Bridge mode from a modem/router is a cleaner, less risky setup than router-to-router.
“My true question is why do I need my first router with bridge mode in the first place?”
You answer your own question at the beginning when you say:
“I can’t just ditch my ISP router because it is modem and router at the same time.”
So you don’t want the router functionality. But to bridge between whatever connection your ISP has to your new router, it is best practice to just (effectively) disable the router aspect of your ISP provided modem/router so the device is just a modem.
As a modem, it bridges whatever their connection/protocol from the ISP to you is — coaxial cable with DOCSIS or RJ45 with ADSL and such… — to Ethernet protocol your router can handle.
Again, this is the best practice since there is one step from ISP to Ethernet and then from Ethernet to your new router. But if there is no obvious Bridge mode on that modem/router your options are limited as you explain.
“I’ve been told that I could use a DMZ configuration and it would be the same.”
Well, it would technically “work” but you introduce a layer of complexity that is really unnecessary at best, problematic at worst.
Connecting that modem/router to another router means you are hopping between two networks int your home to get outside. If done right, it can work fine without any issues. But if not, you could end up with — for example — two DHCP servers fighting it out and confusing the network. Which could lead to slowed down connections at best, crazy and unpredictable “outages” as the two routers fight to control the network at worst.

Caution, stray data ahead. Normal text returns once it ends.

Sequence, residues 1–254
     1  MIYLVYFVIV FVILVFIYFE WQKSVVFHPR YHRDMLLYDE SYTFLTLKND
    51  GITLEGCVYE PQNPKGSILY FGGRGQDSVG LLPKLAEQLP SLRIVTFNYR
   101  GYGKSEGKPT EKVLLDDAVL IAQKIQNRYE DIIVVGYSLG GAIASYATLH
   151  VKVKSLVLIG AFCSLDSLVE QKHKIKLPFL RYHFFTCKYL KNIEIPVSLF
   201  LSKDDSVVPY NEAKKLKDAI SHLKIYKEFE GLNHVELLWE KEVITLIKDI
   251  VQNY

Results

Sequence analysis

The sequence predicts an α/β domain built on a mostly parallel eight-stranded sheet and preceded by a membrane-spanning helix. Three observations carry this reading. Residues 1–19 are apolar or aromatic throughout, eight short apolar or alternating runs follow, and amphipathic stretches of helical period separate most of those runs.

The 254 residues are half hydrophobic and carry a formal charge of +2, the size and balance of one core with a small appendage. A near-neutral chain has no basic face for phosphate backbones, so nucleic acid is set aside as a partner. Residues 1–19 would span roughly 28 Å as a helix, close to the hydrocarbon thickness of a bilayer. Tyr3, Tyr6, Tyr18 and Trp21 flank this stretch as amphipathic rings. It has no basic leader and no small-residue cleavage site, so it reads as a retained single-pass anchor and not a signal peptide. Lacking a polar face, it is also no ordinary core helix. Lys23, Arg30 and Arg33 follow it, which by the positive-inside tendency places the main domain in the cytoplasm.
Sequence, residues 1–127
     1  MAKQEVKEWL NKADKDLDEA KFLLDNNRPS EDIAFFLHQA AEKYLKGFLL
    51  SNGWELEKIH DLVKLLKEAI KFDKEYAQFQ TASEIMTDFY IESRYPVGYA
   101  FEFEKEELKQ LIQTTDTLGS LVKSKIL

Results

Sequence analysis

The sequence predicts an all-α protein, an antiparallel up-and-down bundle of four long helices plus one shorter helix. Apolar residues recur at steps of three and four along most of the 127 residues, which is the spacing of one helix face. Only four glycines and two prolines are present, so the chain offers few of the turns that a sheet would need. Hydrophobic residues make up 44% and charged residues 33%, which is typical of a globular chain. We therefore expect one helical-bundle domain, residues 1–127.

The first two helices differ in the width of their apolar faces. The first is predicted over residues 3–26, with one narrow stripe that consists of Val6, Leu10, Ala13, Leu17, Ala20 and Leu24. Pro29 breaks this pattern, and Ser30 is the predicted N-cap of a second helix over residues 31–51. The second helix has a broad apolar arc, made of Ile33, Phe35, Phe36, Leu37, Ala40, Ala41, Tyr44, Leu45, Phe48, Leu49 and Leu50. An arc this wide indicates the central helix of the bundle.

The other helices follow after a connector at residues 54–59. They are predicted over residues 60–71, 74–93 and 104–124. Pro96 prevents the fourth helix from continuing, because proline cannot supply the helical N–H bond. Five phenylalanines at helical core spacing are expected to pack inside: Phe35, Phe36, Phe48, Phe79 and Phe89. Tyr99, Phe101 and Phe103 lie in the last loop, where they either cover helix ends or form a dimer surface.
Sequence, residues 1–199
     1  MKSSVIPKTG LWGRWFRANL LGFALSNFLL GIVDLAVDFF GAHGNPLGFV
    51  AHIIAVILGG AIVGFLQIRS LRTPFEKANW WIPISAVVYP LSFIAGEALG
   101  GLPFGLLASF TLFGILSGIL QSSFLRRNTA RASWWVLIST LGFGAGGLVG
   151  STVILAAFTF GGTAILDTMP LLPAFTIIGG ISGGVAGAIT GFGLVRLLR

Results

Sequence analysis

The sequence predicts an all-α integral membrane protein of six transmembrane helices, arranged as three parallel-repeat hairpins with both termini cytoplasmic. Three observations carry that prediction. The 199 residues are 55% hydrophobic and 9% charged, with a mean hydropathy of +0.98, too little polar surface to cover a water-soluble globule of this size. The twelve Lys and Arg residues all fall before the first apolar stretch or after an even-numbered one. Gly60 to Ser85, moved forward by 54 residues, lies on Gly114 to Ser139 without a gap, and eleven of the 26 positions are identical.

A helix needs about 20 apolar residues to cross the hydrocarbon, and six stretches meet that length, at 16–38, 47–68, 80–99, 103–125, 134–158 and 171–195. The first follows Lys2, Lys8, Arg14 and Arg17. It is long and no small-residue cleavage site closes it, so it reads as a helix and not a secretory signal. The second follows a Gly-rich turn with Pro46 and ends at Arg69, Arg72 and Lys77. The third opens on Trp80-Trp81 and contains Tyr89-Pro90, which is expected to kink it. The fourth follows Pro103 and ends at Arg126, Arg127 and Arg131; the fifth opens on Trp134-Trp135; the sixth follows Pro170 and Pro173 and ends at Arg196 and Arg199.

If you can’t really get a true Bridge mode on that modem/router then I would recommend the following steps to neuter network management on the modem/router:
- Disable DHCP on the Modem/Router: Your new/preferred router should handle that.
- Assign a Static IP Address to the New Router: With DHCP dibbled, assign a static IP address to from the modem/router to the new/preferred router.
That should work.
But again, it’s just there is always a risk that your ISP provided modem/router might get in the way of things. So it’s always better to just go to Bridge mode.
Inquire with the ISP if there is anyway for you to exchange the modem/router for a plain modem. I doubt that option exists with your ISP based on what you have described, but still it is worth asking about.